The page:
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When federal lawmakers ended "welfare as we knew it" in 1996, state officials had to generate a host of new rules and regulations to govern the Temporary Assistance for Needy Families (TANF) program. Their efforts produced a collection of state TANF programs that differ today in a remarkable variety of ways. The new article by Gordon De Jong and colleagues aims to bring order to this complex policy landscape and to shed light on the decision-making dynamics that have created it. We second the authors' call for a systematic analysis of how TANF rules have varied across states and over time. We also share their desire to learn which TANF rules "hang together" in meaningful ways and whether these clusters suggest specific geographic, programmatic, or temporal patterns of development. Nevertheless, we disagree with how the authors pursue these goals and see good reasons to be skeptical of their conclusions.
Our article focuses on De Jong et al.'s factor analysis of TANF rules. The policy dimensions generated by this analysis are the cornerstone of all that follows. They underlie the authors' findings on policy diffusion as well as welfare migration (De Jong, Graefe, and St. Pierre, 2005), and they are the products from this study that are most likely to find direct use in subsequent scholarship.
Like any piece of empirical research, the article by De Jong et al. reflects a particular way of combining method, theory, and substantive knowledge. We believe the authors have negotiated this triad in an unbalanced way that privileges statistical priorities over other relevant concerns.
Our intention is not to suggest that statistical considerations are insignificant, but rather to underscore that researchers confront tradeoffs in their efforts to balance theory, substance, and method. Rather than face up to these tradeoffs, De Jong et al. bypass them. The authors adopt a method-driven approach (Shapiro, 2005), handling key analytic choices as if they were merely technical matters, neutral with regard to theory and substance. This "illusion of technique" is a wishing away of tough choices. Steadfast reliance on technical decision rules has not put the authors' empirical conclusions on more neutral ground; it has put them into question.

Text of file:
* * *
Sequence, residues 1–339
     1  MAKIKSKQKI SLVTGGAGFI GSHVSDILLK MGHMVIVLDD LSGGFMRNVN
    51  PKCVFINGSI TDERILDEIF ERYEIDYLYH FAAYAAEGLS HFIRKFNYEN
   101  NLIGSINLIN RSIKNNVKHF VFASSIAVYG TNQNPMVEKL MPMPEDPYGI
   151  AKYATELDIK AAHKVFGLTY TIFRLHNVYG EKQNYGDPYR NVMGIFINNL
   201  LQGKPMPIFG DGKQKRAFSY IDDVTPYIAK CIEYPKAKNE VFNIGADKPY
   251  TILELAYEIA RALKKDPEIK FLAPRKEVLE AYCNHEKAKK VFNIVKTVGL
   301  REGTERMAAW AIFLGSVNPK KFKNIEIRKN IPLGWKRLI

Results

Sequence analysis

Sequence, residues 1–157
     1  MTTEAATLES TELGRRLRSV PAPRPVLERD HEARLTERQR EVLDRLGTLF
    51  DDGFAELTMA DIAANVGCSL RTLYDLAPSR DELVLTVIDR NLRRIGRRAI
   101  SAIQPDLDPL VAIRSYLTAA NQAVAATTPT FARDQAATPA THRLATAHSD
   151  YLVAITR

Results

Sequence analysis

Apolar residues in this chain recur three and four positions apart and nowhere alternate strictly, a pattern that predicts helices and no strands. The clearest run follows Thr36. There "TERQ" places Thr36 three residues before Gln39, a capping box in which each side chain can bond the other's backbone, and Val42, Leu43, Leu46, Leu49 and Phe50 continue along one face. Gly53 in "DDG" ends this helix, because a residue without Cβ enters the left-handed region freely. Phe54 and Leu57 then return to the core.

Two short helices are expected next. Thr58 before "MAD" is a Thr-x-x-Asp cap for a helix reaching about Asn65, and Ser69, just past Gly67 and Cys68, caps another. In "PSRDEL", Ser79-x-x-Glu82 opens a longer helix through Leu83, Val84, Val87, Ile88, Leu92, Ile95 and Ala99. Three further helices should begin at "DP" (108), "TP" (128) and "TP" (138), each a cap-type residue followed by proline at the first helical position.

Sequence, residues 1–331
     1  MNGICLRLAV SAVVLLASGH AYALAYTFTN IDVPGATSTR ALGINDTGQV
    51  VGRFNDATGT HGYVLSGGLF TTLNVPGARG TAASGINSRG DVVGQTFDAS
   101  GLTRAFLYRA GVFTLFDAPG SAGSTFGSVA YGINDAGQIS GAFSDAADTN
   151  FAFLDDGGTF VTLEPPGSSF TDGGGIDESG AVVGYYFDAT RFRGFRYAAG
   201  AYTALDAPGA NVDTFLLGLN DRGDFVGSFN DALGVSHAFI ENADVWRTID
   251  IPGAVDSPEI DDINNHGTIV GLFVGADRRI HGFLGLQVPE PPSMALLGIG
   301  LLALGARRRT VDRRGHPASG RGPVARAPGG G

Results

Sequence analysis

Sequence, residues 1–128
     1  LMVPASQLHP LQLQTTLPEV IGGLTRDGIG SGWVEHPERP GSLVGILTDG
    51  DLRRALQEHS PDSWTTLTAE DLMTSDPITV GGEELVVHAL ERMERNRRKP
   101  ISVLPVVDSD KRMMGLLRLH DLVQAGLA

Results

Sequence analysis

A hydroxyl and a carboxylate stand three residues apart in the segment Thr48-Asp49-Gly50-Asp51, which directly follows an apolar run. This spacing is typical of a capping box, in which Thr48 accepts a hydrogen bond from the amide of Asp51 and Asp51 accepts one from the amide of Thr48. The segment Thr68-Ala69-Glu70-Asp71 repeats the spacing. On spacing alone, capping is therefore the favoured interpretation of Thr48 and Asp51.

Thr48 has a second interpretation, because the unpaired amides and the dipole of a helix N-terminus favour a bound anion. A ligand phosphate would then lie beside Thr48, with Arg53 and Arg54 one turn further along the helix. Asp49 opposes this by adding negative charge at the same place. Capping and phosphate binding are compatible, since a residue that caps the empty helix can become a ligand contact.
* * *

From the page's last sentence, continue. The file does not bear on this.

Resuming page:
A Method-Driven Analysis
To make their dimensions useful for the study of welfare migration (De Jong, Graefe, and St. Pierre, 2005), the authors limit their analysis to rules that define the stringency of TANF provision "from the clients' perspective" (2006: 760). Employing the Urban Institute's Welfare Rules Database (WRD) as their sampling frame, they then reduce their policy set in two stages. First, they drop all rules that do not exhibit at least 10 percent variation across states. Second, they drop 35 of the remaining 78 rules because these items correlate weakly with other measures in the analysis.
At each decision point, the authors bypass theory and substance, opting instead for the most direct route to a tractable and statistically advantageous set of welfare rules. In the process, they include some TANF rules that are incidental to their research questions and exclude others that should be central to their analysis. In the three sections below, we follow the points in our triad of research priorities, describing how the authors' technical decision rules create problems for their substantive portrayal of welfare reform, for their testing of the race to the bottom thesis, and, ultimately, for their use of exploratory factor analysis.
Substance: Creating a Portrait of Welfare in the States
In studies of welfare migration (De Jong, Graefe, and St. Pierre, 2005), there is a statistical logic to ignoring TANF rules with less than 10 percent variation across states. If one is assessing policy change, however, this decision rule is more questionable. Widely employed policies are often among the most important. For example, when federal officials created TANF they told states to choose whether noncitizens who arrived before 1996 would be eligible for its benefits. When every state except Alabama opted to make this group eligible, their decisions had profound consequences for poor immigrants (Fix and Zimmerman, 2002). Yet because …